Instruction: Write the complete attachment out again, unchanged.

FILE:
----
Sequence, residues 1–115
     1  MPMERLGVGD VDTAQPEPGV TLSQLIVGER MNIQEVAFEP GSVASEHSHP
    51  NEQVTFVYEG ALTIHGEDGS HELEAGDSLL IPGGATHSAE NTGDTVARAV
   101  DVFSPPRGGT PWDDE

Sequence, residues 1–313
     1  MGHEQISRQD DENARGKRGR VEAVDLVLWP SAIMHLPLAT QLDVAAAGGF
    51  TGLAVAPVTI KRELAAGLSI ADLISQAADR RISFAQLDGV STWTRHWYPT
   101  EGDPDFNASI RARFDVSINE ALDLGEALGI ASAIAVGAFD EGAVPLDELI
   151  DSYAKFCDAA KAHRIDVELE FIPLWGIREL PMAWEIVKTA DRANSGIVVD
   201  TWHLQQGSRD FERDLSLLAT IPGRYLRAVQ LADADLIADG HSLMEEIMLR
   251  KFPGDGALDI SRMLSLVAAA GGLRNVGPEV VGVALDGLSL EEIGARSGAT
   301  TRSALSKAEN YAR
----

Sequence, residues 1–115
     1  MPMERLGVGD VDTAQPEPGV TLSQLIVGER MNIQEVAFEP GSVASEHSHP
    51  NEQVTFVYEG ALTIHGEDGS HELEAGDSLL IPGGATHSAE NTGDTVARAV
   101  DVFSPPRGGT PWDDE

Sequence, residues 1–313
     1  MGHEQISRQD DENARGKRGR VEAVDLVLWP SAIMHLPLAT QLDVAAAGGF
    51  TGLAVAPVTI KRELAAGLSI ADLISQAADR RISFAQLDGV STWTRHWYPT
   101  EGDPDFNASI RARFDVSINE ALDLGEALGI ASAIAVGAFD EGAVPLDELI
   151  DSYAKFCDAA KAHRIDVELE FIPLWGIREL PMAWEIVKTA DRANSGIVVD
   201  TWHLQQGSRD FERDLSLLAT IPGRYLRAVQ LADADLIADG HSLMEEIMLR
   251  KFPGDGALDI SRMLSLVAAA GGLRNVGPEV VGVALDGLSL EEIGARSGAT
   301  TRSALSKAEN YAR